Dr. McPhail is a senior engineer at PSE Healthy Energy and works on a variety of environmental and energy related projects. She approaches her work through the interdisciplinary lens of science and engineering innovation, business accessibility and opportunity, and financial and social mobility. Her current focus area includes building PSE’s community consulting work which focuses on data-driven, locally-focused, immediate impact community-inspired research inquiries, as well as evaluating decarbonization transitions for energy equity, access, health, and environmental impacts. Dr. McPhail originally joined PSE in 2016 to collaborate on the health and social equity implications of the clean power plan in midwestern states. Since then, she has taken on broader research projects to consider the policy implications for the decarbonization of the energy sector and its impacts to communities from a sociodemographic and social mobility perspective. Additionally, Dr. McPhail works in impact investing and business consulting, focusing on strategic investing in sustainable technologies and businesses for personal and community development.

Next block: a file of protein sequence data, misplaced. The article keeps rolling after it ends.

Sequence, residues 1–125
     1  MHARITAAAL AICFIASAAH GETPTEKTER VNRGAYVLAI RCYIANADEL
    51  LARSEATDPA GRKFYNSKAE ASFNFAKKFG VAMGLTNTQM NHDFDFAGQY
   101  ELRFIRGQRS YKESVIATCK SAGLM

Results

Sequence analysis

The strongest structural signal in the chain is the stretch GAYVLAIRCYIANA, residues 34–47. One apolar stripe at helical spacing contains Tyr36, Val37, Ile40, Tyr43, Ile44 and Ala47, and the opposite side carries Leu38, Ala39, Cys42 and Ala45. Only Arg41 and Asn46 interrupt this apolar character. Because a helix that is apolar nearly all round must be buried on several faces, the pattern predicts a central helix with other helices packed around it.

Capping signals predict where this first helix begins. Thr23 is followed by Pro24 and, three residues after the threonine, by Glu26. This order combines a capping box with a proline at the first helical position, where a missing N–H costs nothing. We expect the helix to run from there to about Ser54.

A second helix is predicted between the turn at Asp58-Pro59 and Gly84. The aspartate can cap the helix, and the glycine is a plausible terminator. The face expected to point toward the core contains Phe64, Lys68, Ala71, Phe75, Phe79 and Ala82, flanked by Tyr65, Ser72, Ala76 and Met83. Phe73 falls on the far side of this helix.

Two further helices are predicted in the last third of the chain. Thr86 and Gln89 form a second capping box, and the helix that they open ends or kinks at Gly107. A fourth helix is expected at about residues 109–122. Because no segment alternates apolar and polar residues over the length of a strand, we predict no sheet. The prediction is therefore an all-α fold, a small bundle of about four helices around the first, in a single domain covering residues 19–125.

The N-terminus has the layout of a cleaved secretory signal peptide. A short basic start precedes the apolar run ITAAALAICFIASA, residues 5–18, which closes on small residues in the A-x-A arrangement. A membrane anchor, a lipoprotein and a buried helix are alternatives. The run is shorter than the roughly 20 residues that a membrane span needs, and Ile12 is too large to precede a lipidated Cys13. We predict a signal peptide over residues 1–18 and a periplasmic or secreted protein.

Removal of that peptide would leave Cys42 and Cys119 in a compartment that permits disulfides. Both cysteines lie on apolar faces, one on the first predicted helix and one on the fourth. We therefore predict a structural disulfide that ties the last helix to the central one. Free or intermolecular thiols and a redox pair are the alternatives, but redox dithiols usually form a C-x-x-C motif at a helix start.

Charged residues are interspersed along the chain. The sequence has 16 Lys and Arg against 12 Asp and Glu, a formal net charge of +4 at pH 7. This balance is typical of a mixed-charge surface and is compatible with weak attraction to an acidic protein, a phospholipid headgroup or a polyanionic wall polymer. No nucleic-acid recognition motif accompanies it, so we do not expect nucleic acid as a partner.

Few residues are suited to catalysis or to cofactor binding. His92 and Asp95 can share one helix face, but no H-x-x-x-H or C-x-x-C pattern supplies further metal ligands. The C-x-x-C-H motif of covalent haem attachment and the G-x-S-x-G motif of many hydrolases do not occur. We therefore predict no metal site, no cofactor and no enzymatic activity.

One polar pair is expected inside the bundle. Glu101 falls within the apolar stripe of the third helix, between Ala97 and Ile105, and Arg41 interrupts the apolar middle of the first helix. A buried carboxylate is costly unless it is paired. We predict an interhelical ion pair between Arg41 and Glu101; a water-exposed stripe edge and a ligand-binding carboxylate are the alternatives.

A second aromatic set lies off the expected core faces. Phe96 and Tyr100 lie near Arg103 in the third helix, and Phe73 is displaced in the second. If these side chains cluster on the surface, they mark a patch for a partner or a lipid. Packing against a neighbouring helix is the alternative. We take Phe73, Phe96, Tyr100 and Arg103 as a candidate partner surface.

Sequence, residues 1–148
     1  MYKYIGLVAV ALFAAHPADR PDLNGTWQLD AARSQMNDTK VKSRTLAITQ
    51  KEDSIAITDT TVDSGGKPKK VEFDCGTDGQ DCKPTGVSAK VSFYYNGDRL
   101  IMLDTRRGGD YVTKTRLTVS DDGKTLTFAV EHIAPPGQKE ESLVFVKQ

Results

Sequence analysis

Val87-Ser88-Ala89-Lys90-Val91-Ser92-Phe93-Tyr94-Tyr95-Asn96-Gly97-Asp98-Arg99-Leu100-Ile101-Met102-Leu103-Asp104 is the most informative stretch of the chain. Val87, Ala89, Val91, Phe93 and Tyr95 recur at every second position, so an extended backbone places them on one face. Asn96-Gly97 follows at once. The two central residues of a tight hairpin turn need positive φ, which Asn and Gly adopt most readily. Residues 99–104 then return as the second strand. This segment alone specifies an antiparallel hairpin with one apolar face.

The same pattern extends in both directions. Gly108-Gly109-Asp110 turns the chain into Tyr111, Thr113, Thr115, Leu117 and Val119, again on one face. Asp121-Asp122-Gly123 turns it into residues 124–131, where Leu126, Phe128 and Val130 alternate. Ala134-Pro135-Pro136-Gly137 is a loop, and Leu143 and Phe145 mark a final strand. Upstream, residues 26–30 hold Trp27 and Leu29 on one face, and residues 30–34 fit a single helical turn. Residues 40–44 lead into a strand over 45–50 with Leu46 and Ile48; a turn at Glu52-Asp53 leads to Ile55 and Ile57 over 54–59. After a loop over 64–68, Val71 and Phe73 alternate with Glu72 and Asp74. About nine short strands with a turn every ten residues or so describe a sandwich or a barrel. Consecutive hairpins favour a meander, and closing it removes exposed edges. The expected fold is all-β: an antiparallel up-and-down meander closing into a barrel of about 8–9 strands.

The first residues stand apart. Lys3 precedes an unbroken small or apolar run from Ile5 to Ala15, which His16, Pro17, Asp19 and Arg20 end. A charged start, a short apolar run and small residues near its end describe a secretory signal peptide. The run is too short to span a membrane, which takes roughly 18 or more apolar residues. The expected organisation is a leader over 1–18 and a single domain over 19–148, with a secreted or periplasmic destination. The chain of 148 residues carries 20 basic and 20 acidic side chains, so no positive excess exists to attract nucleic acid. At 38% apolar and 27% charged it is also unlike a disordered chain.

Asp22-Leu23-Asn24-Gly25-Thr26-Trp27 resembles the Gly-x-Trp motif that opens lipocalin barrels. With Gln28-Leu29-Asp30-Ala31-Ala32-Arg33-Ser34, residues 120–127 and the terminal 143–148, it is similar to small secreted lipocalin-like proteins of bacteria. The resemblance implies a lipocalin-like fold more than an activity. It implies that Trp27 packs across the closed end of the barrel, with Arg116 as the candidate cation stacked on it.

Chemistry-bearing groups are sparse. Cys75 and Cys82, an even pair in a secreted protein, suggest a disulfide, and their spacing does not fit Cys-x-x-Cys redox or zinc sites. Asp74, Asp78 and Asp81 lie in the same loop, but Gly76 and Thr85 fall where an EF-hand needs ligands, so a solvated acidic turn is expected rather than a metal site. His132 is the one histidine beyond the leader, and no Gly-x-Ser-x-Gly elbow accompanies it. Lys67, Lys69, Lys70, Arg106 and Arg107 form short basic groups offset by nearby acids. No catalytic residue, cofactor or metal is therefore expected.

Dr. McPhail received her PhD from the Department of Civil and Environmental Engineering at Rice University, where her research centered around environmental and economic impacts of waste-to-energy technologies beyond incineration. She earned her Master’s in Environmental Engineering and a BSE in Chemical Engineering with a minor in environmental sustainability from the University of Michigan. She previously served on the Board of Directors of Acta Non Verba, a local Oakland-based youth farm project, and is the former President of the Board of Directors for Families of Color Seattle, a Seattle-based, family focused nonprofit which specializes in community dialogues, workshops, and education on race, identity, inclusion and anti-bias practices. She continues to volunteer her time with nonprofits seeking to address the knowledge and opportunity-gaps persistent in underserved and underrepresented communities.